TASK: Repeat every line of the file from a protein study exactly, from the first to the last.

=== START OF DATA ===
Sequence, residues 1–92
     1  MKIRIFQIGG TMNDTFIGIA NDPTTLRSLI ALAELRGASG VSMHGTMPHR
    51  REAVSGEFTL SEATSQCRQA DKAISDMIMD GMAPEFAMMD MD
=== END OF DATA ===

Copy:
Sequence, residues 1–92
     1  MKIRIFQIGG TMNDTFIGIA NDPTTLRSLI ALAELRGASG VSMHGTMPHR
    51  REAVSGEFTL SEATSQCRQA DKAISDMIMD GMAPEFAMMD MD